• Copyright and Foreign Works

    by  • November 29, 2012 • copyright

    A quick primer, courtesy of the Northern District of Illinois, on ownership and infringement of foreign copyrighted works. In Games Workshop Ltd. v. Chapterhouse Studios, LLC, the disputed works were miniature figurines to be used for a tabletop war game about a dystopian science-fantasy world called Warhammer 40,000. The owner of the Warhammer 40,000 universe (books, computer games, a movie, an annual convention, and the game) is an English company. The defendant created, without permission, pieces to be used with the game.

    First, on the law of ownership of the copyright for the various pieces that were allegedly infringed:

    The parties agree that because [the plaintiff’s] products were created in England, its ownership of copyrights with respect to those products is governed by that country’s law.

    UK law is not too different from US law: in general, initial ownership of a work vests in the author, but an employer will own the copyright of a work created by an employee in the course of his or her employment. Whether a person is an employee (one with a “contract of service”) or an independent contractor (one with a “contract for services”) depends not on the title, but on the underlying facts of the relationship:

    [T]he courts tend to focus first on whether there is the so-called “irreducible minimum” necessary to give rise to an employment relationship: namely “mutuality of obligation” and “control.” There is sufficient “mutuality” only where the employer is bound to provide work and pay, and the employee to provide his labor. Moreover, for the employment relationship to exist, one party (the employer) must be able to exercise control over the other (the employee). In those professions where a worker has a considerable amount of freedom, the control requirement is met if there is a “sufficient framework of control.” . . . However, these factors are not of themselves conclusive. The court will examine all other relevant aspects and provisions to establish whether they are consistent with a contract of service. The courts pay considerable attention to whether typical attributes of employment are present: whether regular sums are paid as wages or salary; whether income tax deductions are made on the “pay-as-you-earn” basis used for employees; whether there is a joint contribution to a pension scheme; and whether nnational insurance contributions are paid by both parties as for an employee.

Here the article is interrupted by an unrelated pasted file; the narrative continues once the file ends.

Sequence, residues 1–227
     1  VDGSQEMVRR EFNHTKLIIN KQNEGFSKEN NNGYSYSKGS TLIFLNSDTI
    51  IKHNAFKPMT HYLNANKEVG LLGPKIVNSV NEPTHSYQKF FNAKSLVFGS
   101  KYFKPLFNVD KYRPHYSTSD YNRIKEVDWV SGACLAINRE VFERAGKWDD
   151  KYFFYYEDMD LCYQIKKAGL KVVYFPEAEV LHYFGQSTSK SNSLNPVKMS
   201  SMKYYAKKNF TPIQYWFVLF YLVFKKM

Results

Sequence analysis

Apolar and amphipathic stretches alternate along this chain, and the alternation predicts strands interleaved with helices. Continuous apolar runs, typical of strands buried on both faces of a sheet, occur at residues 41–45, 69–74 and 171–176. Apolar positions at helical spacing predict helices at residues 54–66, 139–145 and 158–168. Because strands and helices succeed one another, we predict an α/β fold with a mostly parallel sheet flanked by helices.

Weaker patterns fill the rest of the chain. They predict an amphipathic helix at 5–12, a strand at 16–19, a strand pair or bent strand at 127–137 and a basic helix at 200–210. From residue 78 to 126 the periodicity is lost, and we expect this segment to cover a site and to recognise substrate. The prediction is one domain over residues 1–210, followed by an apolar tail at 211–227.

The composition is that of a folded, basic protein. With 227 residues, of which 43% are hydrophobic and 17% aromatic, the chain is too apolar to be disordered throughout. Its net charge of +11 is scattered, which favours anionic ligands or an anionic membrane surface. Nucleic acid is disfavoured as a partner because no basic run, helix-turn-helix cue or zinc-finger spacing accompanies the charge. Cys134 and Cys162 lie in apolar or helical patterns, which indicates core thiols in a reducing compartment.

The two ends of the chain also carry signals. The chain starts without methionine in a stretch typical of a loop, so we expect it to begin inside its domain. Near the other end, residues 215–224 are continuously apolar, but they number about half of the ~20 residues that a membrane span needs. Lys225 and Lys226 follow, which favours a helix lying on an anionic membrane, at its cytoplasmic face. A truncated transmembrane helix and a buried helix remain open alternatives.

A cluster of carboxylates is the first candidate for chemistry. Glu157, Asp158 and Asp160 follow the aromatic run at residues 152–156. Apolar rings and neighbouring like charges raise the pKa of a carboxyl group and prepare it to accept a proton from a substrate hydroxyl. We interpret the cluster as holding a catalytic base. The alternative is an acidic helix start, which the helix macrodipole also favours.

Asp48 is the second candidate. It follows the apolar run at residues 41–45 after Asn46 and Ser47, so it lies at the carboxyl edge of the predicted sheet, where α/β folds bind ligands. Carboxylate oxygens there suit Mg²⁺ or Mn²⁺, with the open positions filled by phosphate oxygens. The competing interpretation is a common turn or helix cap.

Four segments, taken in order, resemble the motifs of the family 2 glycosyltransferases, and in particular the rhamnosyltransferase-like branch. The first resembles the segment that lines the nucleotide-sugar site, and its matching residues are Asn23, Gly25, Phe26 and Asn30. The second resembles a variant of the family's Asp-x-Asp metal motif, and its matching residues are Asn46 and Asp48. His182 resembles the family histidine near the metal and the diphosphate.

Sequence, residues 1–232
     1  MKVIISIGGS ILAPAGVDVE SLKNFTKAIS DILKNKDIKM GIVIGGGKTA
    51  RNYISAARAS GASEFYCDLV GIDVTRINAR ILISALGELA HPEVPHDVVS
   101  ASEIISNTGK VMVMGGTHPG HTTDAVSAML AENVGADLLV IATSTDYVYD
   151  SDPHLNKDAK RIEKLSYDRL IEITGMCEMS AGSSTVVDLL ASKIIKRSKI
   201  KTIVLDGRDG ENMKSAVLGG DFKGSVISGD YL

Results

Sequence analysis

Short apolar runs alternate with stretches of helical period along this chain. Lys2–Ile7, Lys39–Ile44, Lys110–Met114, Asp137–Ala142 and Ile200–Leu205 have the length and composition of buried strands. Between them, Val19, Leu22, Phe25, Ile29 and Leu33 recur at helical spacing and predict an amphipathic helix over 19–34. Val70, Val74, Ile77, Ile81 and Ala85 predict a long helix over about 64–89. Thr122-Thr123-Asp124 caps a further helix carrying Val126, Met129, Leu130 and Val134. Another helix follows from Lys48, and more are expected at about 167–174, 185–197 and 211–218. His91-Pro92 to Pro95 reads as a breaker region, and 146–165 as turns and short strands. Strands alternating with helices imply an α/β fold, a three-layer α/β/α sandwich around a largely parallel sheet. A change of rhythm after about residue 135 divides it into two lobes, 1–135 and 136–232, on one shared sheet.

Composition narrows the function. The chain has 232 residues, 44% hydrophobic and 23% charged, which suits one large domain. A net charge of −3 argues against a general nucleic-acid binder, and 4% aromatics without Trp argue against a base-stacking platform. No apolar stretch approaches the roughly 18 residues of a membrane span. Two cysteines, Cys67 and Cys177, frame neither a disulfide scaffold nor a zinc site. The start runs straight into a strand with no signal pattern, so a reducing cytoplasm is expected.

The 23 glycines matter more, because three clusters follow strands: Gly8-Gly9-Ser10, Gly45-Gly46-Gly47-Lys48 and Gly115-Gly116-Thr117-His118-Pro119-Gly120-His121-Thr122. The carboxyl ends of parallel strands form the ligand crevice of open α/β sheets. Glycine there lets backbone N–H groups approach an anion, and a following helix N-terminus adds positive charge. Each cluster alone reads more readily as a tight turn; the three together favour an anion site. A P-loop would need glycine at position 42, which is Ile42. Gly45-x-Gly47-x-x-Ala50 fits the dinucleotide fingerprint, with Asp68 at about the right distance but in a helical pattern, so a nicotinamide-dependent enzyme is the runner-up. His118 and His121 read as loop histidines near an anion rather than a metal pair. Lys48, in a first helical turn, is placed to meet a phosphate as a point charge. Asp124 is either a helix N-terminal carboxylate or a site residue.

Lionel Bently & William R. Cornish, 1 UK International Copyright Law and Practice, at UK § 4(1)(b)(i) (Geller, Paul E., ed., Matthew Bender 2009) (internal citations omitted).

    Here, the plaintiff supplied an affidavit describing the relationship between the creators and the company that was adequate to defeat the defendant’s challenge that the individuals were not employees.

    Next we have copyrights owned by the plaintiff by way of assignment from the English designers. In this situation

    The law is unclear regarding what country’s law governs consideration of such assignments. Saregama India [Ltd. v. Mosley], 635 F.3d [1284,] 1292 [(11th Cir. 2011)] (“[T]here is no guiding case law regarding which country’s law governs the issue of copyright transfer.” (emphasis in original)); see also Itar-Tass [Russian News Agency v. Russian Kurier, Inc.], 153 F.3d [82,] 91 n.11 [(2d Cir. 1998)] (“In deciding that the law of the country of origin determines the ownership of copyright, we consider only initial ownership, and have no occasion to consider choice of law issues concerning assignment of rights.”).

    But, no harm; in both countries a signed writing will do the job, so the plaintiff owned these copyrights also.

    What about infringement? The works in question were miniature figurines. Under UK law, the defendant alleges, the works are ineligible for protection by copyright and therefore could not be infringed. But

    Chapterhouse’s argument begins with an incorrect premise. Although disputes over copyright ownership must be resolved under the laws of a work’s country of origin, other issues regarding a claim of copyright infringement, including the question of copyrightability, are determined by the law of the country where the alleged infringement occurred.

    However, there was no summary judgment on the ultimate legal question, copyright infringement. Way too many defenses in the air for that.

    Games Workshop Ltd. v. Chapterhouse Studios, LLC, No. 10 C 8103 (N.D. Ill. Nov. 27, 2012).

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